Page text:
“Our policy folks spent the last few hours going through the WH’s legislative proposal [and] have found major differences between what the President is proposing and what Sen. Rubio and the bipartisan group of Senators have agreed to,” Rubio spokesman Alex Conant wrote in a memo to reporters on Tuesday.So basically the White House's draft didn't include a guest worker program and Rubio differs with the White House on when the citizenship trigger takes effect. That's it, Senator? Because the President has more than once said he favors a guest worker program, so there is no difference there. It is a draft proposal after all. That leaves the only point of contention on when the path to citizenship becomes available.
Conant said the administration proposal was “not a permanent solution” because it lacked either a guest worker program or an alternative program to deal with future immigrant workers. While the White House did include a number of new border security measures, Conant reiterated Rubio’s insistence that a pathway to citizenship for undocumented immigrants only go into effect after the border security portion of a bill is implemented. “If passed, the US would likely have millions of new illegal immigrants in the future,” Conant wrote of the Obama proposal.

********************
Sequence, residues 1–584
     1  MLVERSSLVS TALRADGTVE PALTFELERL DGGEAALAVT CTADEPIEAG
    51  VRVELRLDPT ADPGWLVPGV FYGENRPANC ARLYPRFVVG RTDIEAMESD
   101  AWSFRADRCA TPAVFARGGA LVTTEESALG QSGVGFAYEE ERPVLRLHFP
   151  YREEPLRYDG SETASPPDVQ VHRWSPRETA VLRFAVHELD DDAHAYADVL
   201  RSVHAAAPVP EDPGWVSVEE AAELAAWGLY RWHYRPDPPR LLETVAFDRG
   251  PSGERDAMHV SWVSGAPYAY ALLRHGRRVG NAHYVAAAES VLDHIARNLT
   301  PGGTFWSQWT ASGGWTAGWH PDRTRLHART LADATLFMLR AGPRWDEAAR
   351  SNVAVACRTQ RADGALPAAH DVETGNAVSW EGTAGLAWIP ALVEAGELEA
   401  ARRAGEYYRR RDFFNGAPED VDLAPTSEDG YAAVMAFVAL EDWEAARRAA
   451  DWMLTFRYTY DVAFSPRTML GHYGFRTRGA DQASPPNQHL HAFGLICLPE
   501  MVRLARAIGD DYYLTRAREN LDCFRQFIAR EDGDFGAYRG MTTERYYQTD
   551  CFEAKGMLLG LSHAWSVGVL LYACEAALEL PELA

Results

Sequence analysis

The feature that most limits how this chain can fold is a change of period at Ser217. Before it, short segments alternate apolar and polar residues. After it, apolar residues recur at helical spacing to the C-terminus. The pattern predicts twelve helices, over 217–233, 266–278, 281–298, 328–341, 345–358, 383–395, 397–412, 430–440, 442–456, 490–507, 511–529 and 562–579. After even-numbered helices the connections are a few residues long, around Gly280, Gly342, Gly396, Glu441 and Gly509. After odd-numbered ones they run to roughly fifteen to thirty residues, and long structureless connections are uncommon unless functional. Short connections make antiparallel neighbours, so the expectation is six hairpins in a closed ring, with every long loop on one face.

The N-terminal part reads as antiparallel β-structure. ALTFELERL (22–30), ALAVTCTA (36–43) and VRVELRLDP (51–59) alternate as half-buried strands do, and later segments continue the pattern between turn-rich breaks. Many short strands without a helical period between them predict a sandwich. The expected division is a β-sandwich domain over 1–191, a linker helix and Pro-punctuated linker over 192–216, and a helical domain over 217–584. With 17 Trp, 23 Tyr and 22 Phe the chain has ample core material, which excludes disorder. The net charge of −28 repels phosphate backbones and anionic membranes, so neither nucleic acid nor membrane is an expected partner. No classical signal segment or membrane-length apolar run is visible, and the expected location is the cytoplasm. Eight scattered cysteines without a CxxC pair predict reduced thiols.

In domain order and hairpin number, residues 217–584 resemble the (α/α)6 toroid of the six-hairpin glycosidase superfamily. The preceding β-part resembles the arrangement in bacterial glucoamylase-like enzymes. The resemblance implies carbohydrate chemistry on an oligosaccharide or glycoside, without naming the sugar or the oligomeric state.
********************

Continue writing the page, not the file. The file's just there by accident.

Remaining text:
But on all the major items, namely the DREAM Act, a path to citizenship for those here illegally, clearing background checks, learning English, border security and going to the back of line, there is agreement between President Obama and Rubio. That's the meat of the bill and that is the part that conservative Republicans oppose. They oppose the DREAM Act, they oppose the path to citizenship. Their position, as evidenced by the 2012 Republican primary, is self-deportation.
If this was Rubio's attempt to separate from the president on immigration reform, this latest press release from his office didn't do the trick. By omission, they reveal the truth of the matter: Rubio is running from immigration reform because he can't convince his party to support it.